# INVERSE PROBLEM FOR A CLASS OF DIRAC OPERATORS BY THE WEYL FUNCTION.

1. INTRODUCTION

Let

[mathematical expression not reproducible]

be the well-known Pauli-matrices which has these properties: [[sigma].sup.2.sub.i] = I, (I is 2 x 2 identity matrix) [[sigma].sup.*.sub.i] = [[sigma].sub.i] (self-adjointness) i = 1, 2, 3 and for i [not equal to] j, [[sigma].sub.i][[sigma].sub.j] = -[[sigma].sub.j][[sigma].sub.i] (anticommutativity).

We consider the following boundary value problem generated by the canonical Dirac system

(1.1) By' + [OMEGA](x) y = [lambda] [rho](x) y, 0 < x < [pi]

with boundary conditions

(1 2) [mathematical expression not reproducible],

where

[mathematical expression not reproducible],

p(x), q(x) are real measurable functions, p(x) [member of] [L.sub.2](0, [pi]), q(x) [member of] [L.sub.2](0, [pi]), [lambda] is a spectral parameter,

[mathematical expression not reproducible],

and 1 [not equal to] [alpha] > 0. Let us define [k.sub.1] = [b.sub.1][b.sub.4] - [b.sub.2][b.sub.3] > 0 and [k.sub.2] = [c.sub.1][c.sub.4] - [c.sub.2][c.sub.3] > 0. The main aim of this paper is to solve the inverse problem for the boundary value problem (1.1), (1.2) by Weyl function on a finite interval.

The inverse problem and the spectral properties of Dirac operators were investigated in detail by many authors [1, 2, 5, 6, 8, 9, 10, 11, 12, 13, 14, 15, 16, 17, 18, 19, 20, 21, 23, 25, 26, 27, 28, 29, 30, 31, 32]. The inverse spectral problems according to two spectra was solved in . Using Weyl-Titchmarsh function, direct and inverse problems for Dirac type-system were studied in [8, 9, 26]. Solution of the inverse quasiperiodic problem for Dirac system was given in . For weighted Dirac system, inverse spectral problems was examined in . Reconstruction of Dirac operator from nodal data was carried out in . Necessary and sufficient conditions for the solution of Dirac operators with discontinuous coefficient was obtained in . Inverse problem for interior spectral data of the Dirac operator was given in . For Dirac operator, Ambarzumian-type theorems were proved in [14, 31]. On a positive half line, inverse scattering problem for a system of Dirac equations of order 2n was completely solved in  and when boundary condition contained spectral parameter, for Dirac operator, inverse scattering problem was worked in [6, 21]. Spectral boundary value problem in a 3 dimensional bounded domain for the Dirac system was studied in . The applications of Dirac differential equations system has been widespread in various areas of physics, such as [3, 4, 24, 27].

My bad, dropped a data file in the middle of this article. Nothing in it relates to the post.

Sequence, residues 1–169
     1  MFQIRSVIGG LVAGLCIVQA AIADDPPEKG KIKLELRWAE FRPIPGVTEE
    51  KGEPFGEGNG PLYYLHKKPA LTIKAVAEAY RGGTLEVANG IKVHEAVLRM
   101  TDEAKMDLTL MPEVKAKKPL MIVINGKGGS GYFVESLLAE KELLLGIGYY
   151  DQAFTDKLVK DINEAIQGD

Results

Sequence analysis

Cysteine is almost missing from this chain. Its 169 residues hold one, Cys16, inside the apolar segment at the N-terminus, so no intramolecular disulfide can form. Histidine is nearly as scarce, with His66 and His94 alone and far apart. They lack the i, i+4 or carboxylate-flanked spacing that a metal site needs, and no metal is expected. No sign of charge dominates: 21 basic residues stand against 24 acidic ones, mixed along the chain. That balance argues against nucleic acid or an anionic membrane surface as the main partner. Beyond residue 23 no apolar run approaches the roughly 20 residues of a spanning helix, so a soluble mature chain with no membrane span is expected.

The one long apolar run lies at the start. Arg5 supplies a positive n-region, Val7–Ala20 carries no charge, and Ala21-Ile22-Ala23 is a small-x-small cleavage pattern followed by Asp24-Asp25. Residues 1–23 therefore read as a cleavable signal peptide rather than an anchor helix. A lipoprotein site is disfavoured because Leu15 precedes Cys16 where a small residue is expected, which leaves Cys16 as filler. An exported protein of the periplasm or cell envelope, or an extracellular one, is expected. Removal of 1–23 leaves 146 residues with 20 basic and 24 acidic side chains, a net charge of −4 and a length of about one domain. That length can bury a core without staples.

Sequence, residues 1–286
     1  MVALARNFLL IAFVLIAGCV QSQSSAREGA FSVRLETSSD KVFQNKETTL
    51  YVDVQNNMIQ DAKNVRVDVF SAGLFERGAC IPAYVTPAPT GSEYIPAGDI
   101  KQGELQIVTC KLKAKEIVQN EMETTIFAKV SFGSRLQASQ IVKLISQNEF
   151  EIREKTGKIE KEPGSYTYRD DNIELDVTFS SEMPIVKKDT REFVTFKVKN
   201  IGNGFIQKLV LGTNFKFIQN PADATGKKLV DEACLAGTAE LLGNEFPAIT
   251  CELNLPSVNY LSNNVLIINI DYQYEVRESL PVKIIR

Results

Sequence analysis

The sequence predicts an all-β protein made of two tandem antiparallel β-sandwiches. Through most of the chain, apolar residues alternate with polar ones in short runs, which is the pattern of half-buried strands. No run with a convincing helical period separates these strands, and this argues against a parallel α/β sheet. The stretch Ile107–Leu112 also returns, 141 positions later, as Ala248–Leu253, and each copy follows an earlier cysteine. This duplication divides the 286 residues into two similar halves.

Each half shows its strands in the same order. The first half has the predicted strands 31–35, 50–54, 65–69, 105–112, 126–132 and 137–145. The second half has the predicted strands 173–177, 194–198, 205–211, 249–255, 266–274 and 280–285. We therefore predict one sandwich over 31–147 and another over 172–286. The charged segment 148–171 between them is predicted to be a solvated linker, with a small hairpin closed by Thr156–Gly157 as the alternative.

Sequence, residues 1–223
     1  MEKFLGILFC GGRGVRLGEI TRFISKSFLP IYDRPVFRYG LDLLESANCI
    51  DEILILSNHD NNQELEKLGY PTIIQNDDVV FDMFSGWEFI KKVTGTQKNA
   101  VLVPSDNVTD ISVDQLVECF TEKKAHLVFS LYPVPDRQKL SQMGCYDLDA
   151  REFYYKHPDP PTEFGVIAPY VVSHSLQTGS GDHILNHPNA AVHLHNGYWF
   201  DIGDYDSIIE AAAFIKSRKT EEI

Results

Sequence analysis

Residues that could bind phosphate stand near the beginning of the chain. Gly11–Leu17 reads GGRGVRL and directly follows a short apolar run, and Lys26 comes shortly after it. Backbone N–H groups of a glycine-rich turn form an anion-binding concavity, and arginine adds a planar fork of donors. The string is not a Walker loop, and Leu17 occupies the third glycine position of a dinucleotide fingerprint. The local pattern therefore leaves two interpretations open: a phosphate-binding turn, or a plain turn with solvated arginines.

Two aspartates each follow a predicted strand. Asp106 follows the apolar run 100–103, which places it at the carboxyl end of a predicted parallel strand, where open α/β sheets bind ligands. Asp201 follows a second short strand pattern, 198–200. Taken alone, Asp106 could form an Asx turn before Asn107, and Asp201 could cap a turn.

This paper is organized as follows: in section 2, the operator formulation of problem (1.1), (1.2) and some spectral properties of the operator are given. In section 3, asymptotic formula of eigenvalues of the problem (1.1), (1.2) is examined. In section 4, Weyl solution, Weyl function are defined and uniqueness theorem for inverse problem according to Weyl function is proved.

2. OPERATOR FORMULATION AND SOME SPECTRAL PROPERTIES

An inner product in Hilbert space [H.sub.[rho]] = [L.sub.2,[rho]](0, [pi]; [C.sup.2]) [direct sum] [C.sup.2] is given by

(2.1) [mathematical expression not reproducible],

where

[mathematical expression not reproducible].

Let us define the operator L:

[mathematical expression not reproducible]

with domain

[mathematical expression not reproducible]

where

l(y) = 1/[rho](x) {By' + [OMEGA](x)y}.

Consequently, the boundary value problem (1.1), (1.2) is equivalent to the operator equation LY = [lambda]Y.

Lemma 2.1. (i) The eigenvector functions corresponding to different eigenvalues are orthogonal.

(ii) The eigenvalues of the operator L are real valued.

Let [mathematical expression not reproducible] be solutions of the system (1.1) satisfying the initial conditions

[mathematical expression not reproducible].

The characteristic function of the problem (1.1), (1.2) is defined by

(2.2) [DELTA]([lambda]) = W[[phi](x, [lambda]), [psi](x, [lambda])] = [[phi].sub.2](x, [lambda])[[psi].sub.1](x, [lambda]) - [[phi].sub.1](x, [lambda])[[psi].sub.2](x, [lambda]),

where W[[phi](x, [lambda]), [psi](x, [lambda])] is Wronskian of the vector solutions [phi](x, [lambda]) and [psi](x, [lambda]). The Wronskian does not depend on x. It follows from (2.2) that

[DELTA]([lambda]) = [b.sub.2][[psi].sub.1] (0, [lambda]) + [b.sub.1][[psi].sub.2] (0, [lambda]) - [lambda]([b.sub.4][[psi].sub.1] (0, [lambda]) + [b.sub.3][[psi].sub.2](0, [lambda])) = [U.sub.1]([psi])

or